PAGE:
UPG - Shabitris story

Ultra-Poor Graduation

The Issue

While levels of child poverty are falling, the decline has been uneven and pockets of extreme poverty persist worldwide.

Today, over 783 million people are living on less than $1.90 USD per day, which means that 44% of these extremely poor are children.[1]

Living in ultra-poverty has extreme and long-lasting effects on children because they often live in hard-to-reach areas that are marginalised and excluded from community support and traditional development programmes.

If these children survive to school-age, they’re less likely to complete their education, often being forced into harmful labour, or child marriage and early parenthood, which starts the cycle again.

Ultra-Poor Graduation in Mongolia


The Model

Ultra-Poor Graduation programmes provide extremely poor households with a pathway out of poverty by helping families engage in a productive and resilient livelihood. This programme gradually builds household capacity and empowers families to become involved with the local economy and community in productive and positive ways.

As ultra-poor families begin to move out of poverty, their children’s lives improve. Parents and caregivers gain the dignity of being able to provide nutritious meals and pay for their children’s healthcare and education needs.

Core Components and Outcomes

  • Social protection: Helping families to get the support they need to meet basic needs, deal with crises, and access health and education services.  
  • Livelihoods promotion: Helping families to find a way to make a resilient and sustainable income. Interventions may include asset or cash transfers for a viable livelihood or linkages to formal employment, technical and business skills training, and access to markets.
  • Financial inclusion: Financial inclusion provides support to new businesses, to continue and improve their livelihoods. Interventions typically include an informal savings group or access to formal banking facilities, credit and insurance mechanisms and financial literacy training.
  • Social empowerment: To become active in their economy, families need to also be fully part of their local community. Activities can include life skills training, social integration, and coaching that cuts across all four pillars, underpinned by a commitment to gender equality.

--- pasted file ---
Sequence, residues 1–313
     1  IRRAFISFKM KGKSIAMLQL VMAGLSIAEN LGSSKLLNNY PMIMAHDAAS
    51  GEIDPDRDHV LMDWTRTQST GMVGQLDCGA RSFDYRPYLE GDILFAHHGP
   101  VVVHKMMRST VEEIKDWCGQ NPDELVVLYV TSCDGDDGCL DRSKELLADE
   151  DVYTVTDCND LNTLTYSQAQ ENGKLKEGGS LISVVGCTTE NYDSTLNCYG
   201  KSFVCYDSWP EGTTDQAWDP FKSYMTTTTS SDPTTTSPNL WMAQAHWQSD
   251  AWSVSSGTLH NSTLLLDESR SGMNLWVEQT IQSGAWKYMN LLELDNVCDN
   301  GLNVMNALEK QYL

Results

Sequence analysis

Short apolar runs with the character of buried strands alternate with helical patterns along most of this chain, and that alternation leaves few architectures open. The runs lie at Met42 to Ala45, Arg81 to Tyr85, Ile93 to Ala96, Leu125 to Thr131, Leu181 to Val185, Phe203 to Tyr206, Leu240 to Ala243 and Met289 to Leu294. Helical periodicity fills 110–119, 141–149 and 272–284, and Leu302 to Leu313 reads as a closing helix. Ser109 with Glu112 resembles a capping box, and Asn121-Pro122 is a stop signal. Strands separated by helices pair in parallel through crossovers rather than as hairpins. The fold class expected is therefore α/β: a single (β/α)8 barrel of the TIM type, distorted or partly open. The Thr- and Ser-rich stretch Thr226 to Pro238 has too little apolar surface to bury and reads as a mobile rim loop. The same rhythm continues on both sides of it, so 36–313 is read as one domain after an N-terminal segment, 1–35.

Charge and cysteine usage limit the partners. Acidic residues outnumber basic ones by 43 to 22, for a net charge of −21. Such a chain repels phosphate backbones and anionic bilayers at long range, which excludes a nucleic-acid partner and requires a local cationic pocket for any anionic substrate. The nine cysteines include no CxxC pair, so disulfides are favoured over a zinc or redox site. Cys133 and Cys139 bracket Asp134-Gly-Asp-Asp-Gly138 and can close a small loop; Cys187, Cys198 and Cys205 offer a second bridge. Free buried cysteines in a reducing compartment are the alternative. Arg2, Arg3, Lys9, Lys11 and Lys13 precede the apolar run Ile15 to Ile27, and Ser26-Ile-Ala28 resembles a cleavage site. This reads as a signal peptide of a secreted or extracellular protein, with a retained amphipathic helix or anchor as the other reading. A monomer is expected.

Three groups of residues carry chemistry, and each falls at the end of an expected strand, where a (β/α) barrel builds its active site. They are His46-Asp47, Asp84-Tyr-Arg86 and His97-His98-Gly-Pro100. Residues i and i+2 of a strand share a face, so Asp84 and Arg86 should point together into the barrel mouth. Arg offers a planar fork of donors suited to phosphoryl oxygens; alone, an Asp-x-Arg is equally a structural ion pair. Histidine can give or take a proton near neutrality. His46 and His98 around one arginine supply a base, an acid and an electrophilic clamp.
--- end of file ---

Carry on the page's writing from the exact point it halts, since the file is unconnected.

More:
Shabitri’s story

Shabitri, her husband Arobindo and their three children, Modhumala (15), Ratna (12), and son Nayan (6) used to be ultra-poor, but now they’re benefiting from a World Vision programme in Bangladesh, which includes entrepreneurial and literacy training.

This ultra-poor graduation project has helped 14,000 women get the business skills (including basic literacy and numeracy) and minimal start-up costs needed to help them launch small businesses. Now many of these women, like Shabitri – who started a basket weaving business and a small grocery shop – have “graduated” from extreme poverty and are helping others in their community to do the same.

“The money my husband earned wasn’t enough. I was not able to feed my children. I thought throughout my life I would struggle with poverty and we would be unhappy forever,” Shabitri told us.

But now, the household is “a model for others,” according to Ratindra Nath Roy, a technical officer in ultra-poor graduation.

Shabitri and Arobindo have agreed to keep their children in school: “My children are doing good in their results,” says Shabitri. “I believe they may have a good future.”

Contributing to the Sustainable Development Goals

Goal 1 – Ending poverty: We are supporting families to earn sustainable, reliable incomes and savings for the first time.

Goal 5 – Gender equality: We are helping both men and women to earn their own incomes, encouraging equal financial relationships within households. 

Goal 8 – Promote economic growth: As new businesses grow, families have adequate income, and the local economy becomes stronger.

Goal 10 – Reduce inequalities: Our programmes focus on the most vulnerable – often female-headed households or minority groups – giving them the tools to earn their own living.


[1] : World Bank and UNICEF. (2016). Ending Extreme Poverty: A Focus on Children.


Where is WV implementing Ultra Poor Graduation Model?

Current: Sri Lanka, India, Mongolia, Bangladesh, Armenia

Starting to scale up: Iraq, South Sudan, Sudan, Rwanda, Ethiopia, Uganda, Zimbabwe, Zambia

Key contact: Colin Dyer - UPG Project Model Manager
Email: colin_dyer@wvi.org


Download our Ultra Poor Graduation Fact sheet 

Download our Ultra Poor Graduation Field Handbook


A fisherman in the Philippines uses a microloan to fund his small business

Our approaches

Economic Development

Why do our Livelihoods programmes work?